may is national stroke awareness month
April 25, 2022
Stroke is the fifth leading cause of death in the United States, and one in six Americans will have a stroke in their lifetime. Part of National Stroke Awareness Month is educating people about the warning signs of a stroke and how to live with the physical and psychological effects of the condition.
What is a Stroke?
A stroke is a medical event during which blood supply is reduced or blocked in the brain. Each section of your brain is responsible for a different body function. Without proper blood flow, the affected areas will begin to shut down and sustain long-term neurological damage. The effects of a stroke depend on what side of your brain is damaged and the severity of the episode.
Strokes can occur in one or more of the following centers of the brain:
Right brain stroke: Strokes that damage the right side of your brain affect the left side of your body, which may include paralysis. You may also experience memory loss or dementia, visions problems and behavior changes.
Left brain stroke: A left brain stroke will impact the function of the right side of your body. You may experience right-sided paralysis, problems with speech and language, memory loss or dementia and slowed behavior.
Brain stem stroke: A stroke in your brain stem can affect both sides of your body, depending on its severity. The brain stem controls consciousness, motor function and breathing. Some people experience a “locked-in” state which involves complete paralysis below the neck and speech impairment.
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Warnings Signs of a Stroke
When it comes to watching out for the signs of a stroke, it’s important to BE FAST.
- B: Balance issues, dizziness or vertigo
- E: Blurred or double vision in the eyes
- F: Face drooping
- A: Arm or leg weakness
- S: Speech impairment or difficulty
- T: Time to call 911
The longer a stroke goes untreated, the more dangerous it becomes. Around 1.9 million brain cells die per minute during a stroke, so seeking immediate medical attention will increase your chance of survival and lower your risk of long-term disability.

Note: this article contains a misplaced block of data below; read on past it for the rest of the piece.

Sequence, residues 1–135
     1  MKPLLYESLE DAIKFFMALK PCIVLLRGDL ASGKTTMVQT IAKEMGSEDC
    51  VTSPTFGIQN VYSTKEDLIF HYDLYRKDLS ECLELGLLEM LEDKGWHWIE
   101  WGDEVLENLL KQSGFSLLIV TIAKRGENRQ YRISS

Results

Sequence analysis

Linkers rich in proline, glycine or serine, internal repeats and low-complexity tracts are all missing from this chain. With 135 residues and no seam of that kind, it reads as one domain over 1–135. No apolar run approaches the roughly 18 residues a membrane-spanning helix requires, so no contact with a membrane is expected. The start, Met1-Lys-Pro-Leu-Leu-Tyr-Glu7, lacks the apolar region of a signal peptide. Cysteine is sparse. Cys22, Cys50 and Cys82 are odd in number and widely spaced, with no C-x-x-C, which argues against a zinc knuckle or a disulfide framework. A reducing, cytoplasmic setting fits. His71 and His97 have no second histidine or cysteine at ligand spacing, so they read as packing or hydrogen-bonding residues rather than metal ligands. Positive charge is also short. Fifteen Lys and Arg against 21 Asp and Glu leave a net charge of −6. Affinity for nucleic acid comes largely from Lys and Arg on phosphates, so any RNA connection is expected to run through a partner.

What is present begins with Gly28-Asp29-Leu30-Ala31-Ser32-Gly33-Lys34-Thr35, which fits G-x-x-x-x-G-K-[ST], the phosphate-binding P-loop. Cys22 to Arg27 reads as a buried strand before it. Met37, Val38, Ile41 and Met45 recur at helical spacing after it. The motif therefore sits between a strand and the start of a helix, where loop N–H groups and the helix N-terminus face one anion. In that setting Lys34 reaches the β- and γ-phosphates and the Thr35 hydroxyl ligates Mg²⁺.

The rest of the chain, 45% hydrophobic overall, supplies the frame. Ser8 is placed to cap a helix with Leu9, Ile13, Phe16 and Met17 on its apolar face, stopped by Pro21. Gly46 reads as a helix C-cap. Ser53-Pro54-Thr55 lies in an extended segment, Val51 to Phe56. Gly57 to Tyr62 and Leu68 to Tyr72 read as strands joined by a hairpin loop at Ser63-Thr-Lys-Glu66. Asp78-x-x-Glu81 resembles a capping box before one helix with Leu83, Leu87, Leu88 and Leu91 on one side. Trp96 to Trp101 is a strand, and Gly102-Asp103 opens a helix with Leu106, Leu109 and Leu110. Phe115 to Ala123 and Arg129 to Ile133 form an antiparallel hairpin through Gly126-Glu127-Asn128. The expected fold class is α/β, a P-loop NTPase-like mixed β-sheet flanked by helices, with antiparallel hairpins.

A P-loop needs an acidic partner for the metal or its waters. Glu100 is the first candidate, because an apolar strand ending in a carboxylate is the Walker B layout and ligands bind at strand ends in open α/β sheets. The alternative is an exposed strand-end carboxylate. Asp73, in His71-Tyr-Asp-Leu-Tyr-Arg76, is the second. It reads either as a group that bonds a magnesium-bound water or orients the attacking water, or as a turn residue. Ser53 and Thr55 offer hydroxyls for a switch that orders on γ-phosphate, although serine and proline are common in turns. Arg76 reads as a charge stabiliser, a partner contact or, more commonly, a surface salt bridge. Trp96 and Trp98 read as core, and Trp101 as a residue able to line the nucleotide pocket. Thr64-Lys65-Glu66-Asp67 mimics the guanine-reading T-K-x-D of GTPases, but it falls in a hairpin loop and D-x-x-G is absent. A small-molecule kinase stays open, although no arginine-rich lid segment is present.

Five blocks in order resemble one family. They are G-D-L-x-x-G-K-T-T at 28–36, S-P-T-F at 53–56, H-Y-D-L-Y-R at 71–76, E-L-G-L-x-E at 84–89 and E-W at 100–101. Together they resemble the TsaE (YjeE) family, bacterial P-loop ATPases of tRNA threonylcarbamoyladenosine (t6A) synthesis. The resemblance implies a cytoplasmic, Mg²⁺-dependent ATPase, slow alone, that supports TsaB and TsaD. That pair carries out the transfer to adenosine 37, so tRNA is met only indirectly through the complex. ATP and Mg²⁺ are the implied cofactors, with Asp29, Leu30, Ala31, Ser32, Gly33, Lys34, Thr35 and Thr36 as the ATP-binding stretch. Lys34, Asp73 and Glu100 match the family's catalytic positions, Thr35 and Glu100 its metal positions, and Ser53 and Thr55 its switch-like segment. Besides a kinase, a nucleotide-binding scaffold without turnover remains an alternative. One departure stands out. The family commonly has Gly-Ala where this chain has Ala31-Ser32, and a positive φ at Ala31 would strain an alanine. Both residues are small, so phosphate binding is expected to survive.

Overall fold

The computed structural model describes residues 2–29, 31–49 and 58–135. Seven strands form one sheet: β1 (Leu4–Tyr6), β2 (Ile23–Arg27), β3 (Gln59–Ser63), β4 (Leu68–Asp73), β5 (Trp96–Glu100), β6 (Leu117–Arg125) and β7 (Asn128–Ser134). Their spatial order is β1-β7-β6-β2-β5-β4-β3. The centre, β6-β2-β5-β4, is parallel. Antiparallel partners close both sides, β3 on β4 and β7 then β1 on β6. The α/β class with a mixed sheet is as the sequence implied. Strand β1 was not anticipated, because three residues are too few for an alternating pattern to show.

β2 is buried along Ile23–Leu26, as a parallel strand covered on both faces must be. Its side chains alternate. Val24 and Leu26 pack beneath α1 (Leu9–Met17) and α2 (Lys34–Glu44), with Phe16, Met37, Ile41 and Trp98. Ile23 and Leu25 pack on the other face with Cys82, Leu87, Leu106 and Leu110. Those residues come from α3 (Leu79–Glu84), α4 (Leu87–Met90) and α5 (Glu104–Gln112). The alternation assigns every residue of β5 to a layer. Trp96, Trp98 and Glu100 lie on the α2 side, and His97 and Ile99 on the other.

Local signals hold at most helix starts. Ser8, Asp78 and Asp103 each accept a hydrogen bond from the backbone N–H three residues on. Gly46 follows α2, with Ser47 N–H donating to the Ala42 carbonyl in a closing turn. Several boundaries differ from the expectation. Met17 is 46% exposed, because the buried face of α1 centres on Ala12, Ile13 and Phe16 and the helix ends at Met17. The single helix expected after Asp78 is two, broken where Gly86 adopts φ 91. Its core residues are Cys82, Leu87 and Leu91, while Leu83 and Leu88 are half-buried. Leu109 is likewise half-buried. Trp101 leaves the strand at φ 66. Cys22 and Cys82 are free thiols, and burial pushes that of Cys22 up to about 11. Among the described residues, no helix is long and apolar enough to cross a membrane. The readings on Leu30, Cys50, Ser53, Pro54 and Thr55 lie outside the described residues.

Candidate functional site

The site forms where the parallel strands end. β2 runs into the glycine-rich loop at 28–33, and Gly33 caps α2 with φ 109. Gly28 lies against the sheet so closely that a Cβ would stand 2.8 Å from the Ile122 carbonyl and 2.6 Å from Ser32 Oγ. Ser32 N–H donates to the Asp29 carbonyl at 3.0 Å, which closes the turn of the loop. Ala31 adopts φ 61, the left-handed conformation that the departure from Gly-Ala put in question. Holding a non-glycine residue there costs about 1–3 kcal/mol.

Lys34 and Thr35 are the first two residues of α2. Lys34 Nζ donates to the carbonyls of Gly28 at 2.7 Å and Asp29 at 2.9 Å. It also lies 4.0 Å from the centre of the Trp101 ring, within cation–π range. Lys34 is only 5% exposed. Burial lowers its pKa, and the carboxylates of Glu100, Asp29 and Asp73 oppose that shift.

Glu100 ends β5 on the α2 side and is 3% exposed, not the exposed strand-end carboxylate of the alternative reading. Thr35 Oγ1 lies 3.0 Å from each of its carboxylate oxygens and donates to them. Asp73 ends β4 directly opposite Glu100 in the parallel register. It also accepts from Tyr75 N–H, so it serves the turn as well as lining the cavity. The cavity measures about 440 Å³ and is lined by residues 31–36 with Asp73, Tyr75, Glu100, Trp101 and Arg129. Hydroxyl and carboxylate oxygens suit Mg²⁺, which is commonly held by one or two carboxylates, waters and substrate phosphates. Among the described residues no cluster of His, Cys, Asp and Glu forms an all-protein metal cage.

Living with the Effects of a Stroke
A stroke can cause:
- Blood clots
- Muscle weakness or rigidity
- Sleep disorders
- Emotional disorders
- Trouble swallowing
Accepting the behavioral and physical changes caused by a stroke can be frightening. However, it’s important to rely on your medical team to answer questions and provide physical and emotional support. You’ll undergo function tests to assess the extent of the stroke’s impact and may begin physical, occupational and speech therapies.
Your care needs might require you to live in a senior care facility during stroke recovery, or you may be able to recover at home. Setting wellness goals with your therapy team will motivate you and help you track your recovery progress.
Taking Care of Someone Recovering from a Stroke
If you decide to care for a loved one who’s suffered a stroke, you’ll face new responsibilities. They may have difficulties communicating, caring for themselves and completing daily tasks. Consult their team of specialists to understand their physical and mental capabilities, so you can plan your care accordingly.
You may experience a sense of grief after someone you love suffers a stroke, especially if they experience a change in their personality. It’s essential to address your feelings and emotional needs, so you can heal and promote a good quality of life for yourself and your loved one.